“Few conflicts are as inevitable or as stupid as generational ones.
Without exception, every generation has bemoaned the one that follows. Kids these days are addicted to their phones; the kids before them had their egos overstuffed by participation trophies; the kids before them were rotting their brains with TV and video games; with the kids before them, it was all that darned rock and roll music; the kids before them … you get it. Yet somehow, despite all these oh-so-serious problems with the youth and the even more serious fist shaking, the cranky folks yelling at generational passersby to get off their lawn have only ever been addressing the next group to take their spot on the porch.
There’s a flipside to that, of course. Older generations are not the only guilty parties when it comes to broad dumb accusations. Young people are frequently guilty of dismissing the wisdom of life experience, eagerly substituting it for Google voyages and Netflix documentaries. The abundance of information available to people and the 24/7 access to it make it easy for anyone to feign expertise about anything and everything, and unlike true expertise, the fake kind is often immune to listening.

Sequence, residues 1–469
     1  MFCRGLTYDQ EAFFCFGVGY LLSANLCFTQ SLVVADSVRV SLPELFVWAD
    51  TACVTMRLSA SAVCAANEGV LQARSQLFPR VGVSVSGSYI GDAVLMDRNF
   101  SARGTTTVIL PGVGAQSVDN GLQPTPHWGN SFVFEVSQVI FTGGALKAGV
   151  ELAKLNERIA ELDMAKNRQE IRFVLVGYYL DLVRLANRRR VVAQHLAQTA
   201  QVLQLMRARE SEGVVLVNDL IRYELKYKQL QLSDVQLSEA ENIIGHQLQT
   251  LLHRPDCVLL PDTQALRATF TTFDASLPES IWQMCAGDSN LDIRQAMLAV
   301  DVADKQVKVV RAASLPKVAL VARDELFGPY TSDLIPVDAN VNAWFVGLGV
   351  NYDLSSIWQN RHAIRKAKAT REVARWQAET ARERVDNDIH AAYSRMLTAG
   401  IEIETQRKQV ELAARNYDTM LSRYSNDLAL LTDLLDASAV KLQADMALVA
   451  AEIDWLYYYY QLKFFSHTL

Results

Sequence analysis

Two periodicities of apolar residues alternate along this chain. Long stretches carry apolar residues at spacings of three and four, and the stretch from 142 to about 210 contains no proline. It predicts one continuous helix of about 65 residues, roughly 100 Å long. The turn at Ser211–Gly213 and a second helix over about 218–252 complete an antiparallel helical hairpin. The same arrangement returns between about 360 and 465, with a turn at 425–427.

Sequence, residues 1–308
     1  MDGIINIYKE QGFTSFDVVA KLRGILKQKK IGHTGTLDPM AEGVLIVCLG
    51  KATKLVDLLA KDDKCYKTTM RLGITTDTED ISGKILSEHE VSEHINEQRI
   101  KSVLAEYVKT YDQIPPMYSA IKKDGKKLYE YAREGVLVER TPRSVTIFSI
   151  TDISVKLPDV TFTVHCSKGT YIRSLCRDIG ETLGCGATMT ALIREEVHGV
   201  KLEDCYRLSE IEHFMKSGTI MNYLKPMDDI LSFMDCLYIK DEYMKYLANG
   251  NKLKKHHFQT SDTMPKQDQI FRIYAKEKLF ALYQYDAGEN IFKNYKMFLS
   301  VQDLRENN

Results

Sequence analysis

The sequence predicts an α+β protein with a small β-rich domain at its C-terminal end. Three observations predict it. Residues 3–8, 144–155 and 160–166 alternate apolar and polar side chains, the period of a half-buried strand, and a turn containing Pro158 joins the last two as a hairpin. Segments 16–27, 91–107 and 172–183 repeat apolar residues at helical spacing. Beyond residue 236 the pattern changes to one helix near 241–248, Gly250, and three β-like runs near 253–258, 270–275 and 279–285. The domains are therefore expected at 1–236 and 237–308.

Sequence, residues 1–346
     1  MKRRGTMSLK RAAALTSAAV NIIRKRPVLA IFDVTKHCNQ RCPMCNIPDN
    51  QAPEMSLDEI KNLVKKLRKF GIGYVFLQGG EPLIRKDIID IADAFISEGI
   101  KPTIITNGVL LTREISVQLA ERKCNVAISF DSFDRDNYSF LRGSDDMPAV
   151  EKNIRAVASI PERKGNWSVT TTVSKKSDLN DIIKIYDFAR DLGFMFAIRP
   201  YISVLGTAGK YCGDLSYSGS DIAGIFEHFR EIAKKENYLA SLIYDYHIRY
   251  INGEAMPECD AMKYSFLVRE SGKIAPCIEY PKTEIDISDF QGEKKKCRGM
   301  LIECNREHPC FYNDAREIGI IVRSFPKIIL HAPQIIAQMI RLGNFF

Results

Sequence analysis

These aren’t terribly difficult challenges to overcome — all you really need to do is attempt to understand where the other is coming from — but these differences and generalizations are so deeply entrenched that it’s hard to uproot them and give genuine empathy a chance to occur. The upcoming Floyd Mayweather Jr.-Conor McGregor boxing match has unearthed a similar mindset, much of it stemming from similar generational disparities…”